Ātea

Independence in a post-settlement state: ‘Our system is designed to maintain colonising power’

The violent suppression of the referendum in Catalonia holds lessons for iwi wishing to establish their independence in Aotearoa, writes Graham Cameron.

In the main, the reporting on the Catalan referendum has been surface level: the Spanish state does not want the region of Catalonia to consider independence. However, for those of us committed to mana motuhake (self-governance), the conflict between the state and the people in Catalonia deserves closer examination.

Nestled in the shade of the southern Pyrenees and caressed by the warm winds of the Mediterranean, Catalonia consists of four provinces and includes the celebrated city of Barcelona. Catalan people have their own distinct language and culture.

After centuries of conflict, Catalonia was formally subsumed into a united Spanish kingdom in 1716. The second Spanish Republic granted Catalonia a Statute of Autonomy in 1931 which allowed for self-governance including a parliament, an executive and a judiciary.

The victory of the fascist Francisco Franco in 1939 led to supppression of Catalan institutions, language and culture. It was not until after his death that a democratic Spain again adopted a Statute of Autonomy in 1979, which was renewed in 2006. At that time, many aspects of Catalan autonomy including a justice system and formal recognition of the language were contested by Spanish conservatives.

This conservative backlash has only increased the support in Catalonia for independence. A 2014 referendum indicated over 80 percent support for an independent state. This referendum saw Catalan lawmakers plan for secession in 2017; the Spanish Constitutional Court suspended their decision, but they vowed to press on with an independence referendum in 2017.

Spanish Courts declared it illegal, and hence we have seen the police attempting to seize ballot papers and paraphernalia prior to the referendum and violent suppression of Catalan voters by imported Spanish police. Over 800 people have been injured. The vote went ahead and even with the violence there was a 42 percent turnout, with 90 percent support for independence.

The ripples of violence against those seeking independence in Catalonia should trouble our waters here in Aotearoa New Zealand. The resolution of historical grievances and developing anew the Treaty partnership between the Crown and tāngata whenua relies not just on law and justice but also consent and goodwill. As we move past reparations to a post-settlement phase in which iwi express their aspirations for the future, we will rely more and more on our democratic and constitutional arrangements as a foundation for difficult discussions.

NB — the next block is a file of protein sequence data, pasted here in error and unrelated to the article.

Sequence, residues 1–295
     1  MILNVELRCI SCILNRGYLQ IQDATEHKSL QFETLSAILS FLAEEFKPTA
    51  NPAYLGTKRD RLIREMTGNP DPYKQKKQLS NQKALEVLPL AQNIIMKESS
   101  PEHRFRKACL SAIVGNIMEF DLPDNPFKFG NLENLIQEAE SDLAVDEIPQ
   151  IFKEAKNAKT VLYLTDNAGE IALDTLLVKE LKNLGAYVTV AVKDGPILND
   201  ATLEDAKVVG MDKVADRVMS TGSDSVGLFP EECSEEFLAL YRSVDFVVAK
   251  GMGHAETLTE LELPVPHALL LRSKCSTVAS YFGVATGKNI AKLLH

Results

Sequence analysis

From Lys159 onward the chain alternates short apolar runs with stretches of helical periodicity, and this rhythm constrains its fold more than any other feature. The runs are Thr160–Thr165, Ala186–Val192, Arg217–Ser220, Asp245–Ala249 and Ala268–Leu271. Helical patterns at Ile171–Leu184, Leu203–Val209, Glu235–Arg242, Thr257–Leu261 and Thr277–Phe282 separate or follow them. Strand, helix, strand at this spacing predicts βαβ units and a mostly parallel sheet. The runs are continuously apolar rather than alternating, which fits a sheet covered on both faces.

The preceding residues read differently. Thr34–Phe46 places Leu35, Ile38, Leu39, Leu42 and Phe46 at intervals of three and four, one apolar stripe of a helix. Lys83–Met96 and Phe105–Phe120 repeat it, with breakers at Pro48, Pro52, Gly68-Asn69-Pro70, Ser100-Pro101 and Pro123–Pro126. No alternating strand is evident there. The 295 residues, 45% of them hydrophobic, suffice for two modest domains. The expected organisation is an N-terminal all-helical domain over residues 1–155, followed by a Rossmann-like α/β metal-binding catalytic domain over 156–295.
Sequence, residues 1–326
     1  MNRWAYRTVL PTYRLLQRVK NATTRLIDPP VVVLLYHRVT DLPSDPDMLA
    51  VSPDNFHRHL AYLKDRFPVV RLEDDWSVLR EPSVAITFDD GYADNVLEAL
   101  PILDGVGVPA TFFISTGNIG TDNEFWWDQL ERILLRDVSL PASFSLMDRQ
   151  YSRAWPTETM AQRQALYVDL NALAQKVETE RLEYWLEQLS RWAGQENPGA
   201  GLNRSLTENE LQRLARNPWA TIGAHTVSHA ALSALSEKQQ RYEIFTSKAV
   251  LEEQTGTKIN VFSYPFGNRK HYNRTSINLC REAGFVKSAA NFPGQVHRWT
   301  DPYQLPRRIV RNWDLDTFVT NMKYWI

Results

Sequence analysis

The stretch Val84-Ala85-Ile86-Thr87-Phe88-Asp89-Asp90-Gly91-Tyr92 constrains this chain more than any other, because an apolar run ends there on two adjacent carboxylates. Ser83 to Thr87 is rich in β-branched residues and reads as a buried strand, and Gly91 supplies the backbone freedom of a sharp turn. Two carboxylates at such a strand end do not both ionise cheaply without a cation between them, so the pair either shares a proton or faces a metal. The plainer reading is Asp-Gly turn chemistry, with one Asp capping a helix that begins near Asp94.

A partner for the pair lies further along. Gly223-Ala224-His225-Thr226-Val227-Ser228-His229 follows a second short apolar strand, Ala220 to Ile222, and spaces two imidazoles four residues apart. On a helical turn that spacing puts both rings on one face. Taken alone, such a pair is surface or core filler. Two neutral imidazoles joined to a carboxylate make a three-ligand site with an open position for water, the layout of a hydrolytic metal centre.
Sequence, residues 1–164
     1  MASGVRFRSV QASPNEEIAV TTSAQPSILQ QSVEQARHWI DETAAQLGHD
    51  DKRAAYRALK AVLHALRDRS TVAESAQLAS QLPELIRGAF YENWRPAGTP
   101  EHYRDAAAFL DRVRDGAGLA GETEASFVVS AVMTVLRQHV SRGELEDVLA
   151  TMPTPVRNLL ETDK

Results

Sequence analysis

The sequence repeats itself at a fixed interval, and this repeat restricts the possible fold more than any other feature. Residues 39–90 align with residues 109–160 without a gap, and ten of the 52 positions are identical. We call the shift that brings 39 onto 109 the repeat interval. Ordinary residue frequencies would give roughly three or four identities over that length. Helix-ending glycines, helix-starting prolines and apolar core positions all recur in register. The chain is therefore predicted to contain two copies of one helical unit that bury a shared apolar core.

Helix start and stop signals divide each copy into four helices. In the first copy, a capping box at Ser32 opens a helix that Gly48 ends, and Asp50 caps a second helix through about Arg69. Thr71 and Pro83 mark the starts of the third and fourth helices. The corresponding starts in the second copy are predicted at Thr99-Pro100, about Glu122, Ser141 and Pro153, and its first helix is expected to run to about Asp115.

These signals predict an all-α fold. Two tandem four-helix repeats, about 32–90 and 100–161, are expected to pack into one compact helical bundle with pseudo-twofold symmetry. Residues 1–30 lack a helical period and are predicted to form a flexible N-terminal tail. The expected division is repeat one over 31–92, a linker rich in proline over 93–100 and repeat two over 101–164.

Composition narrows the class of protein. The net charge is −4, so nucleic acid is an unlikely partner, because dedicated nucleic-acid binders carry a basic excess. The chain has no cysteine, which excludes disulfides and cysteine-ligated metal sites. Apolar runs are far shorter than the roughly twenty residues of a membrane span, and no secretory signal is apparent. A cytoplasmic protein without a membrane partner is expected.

Post-settlement, iwi such as Ngāi Tūhoe will have to rely on goodwill from the state to achieve their aspirations of independence. Historically, that hasn’t always gone well. Image: Te Kura Whare o Tūhoe.

If we consider the Ngāi Tūhoe settlement, some of those discussions are going to include a desire for independence from the New Zealand state. The Tūhoe settlement includes a pathway for self-government over its land and the health, education and social services its people need. Aspirations for mana motuhake are not indicative of the failure of our democracy and should not be dismissed out of hand; on Catalonia, it was noted in The Economist that “constitutional change, especially the right to break away, should be difficult – but not impossible.”

We would be fools to think we are now immune to using the power of the state to suppress a desire for independence; after all, Ngāi Tūhoe have already attempted to exert self-government. The 1896 Urewera District Native Reserve Act granted Tūhoe the right to self-governance based on its own customs and culture; yet between 1909 to 1921 the same Crown forcibly purchased Urewera land to undermine the iwi authority leading to a collapse of their government.

If Tūhoe aspirations are to be realised in the next 40 years, and if other iwi come to believe that their aspirations are best achieved in independence, our kawanatanga system is poorly designed to embrace the change. Te Tiriti o Waitangi envisaged the continued mana motuhake of tāngata whenua but any suggestion of constitutional change, such as Dr. Whatarangi Winiata’s Treaty house model, are scoffed at in our media and in our Parliament.

Consequently, as Moana Jackson noted on The Hui this weekend, “that kawanatanga sphere has become the only place where our people have been able to try and assert some ideas of mana motuhake.” The problem is that our current state system is ”not designed to do that, it’s designed to maintain colonising power.”

The Spanish state has reacted as though surprised that a proud Catalan people who have sought their independence for centuries would not be sated with a facade. The state has acted as though Catalonia should be thankful for what they receive, forgetting that Catalans remember being their own masters. For all the co-governance and co-management initiatives with iwi here in Aotearoa New Zealand, I wonder if that same repressive belief sits hidden at the heart of the Beehive.

This is the first column in an ongoing series.

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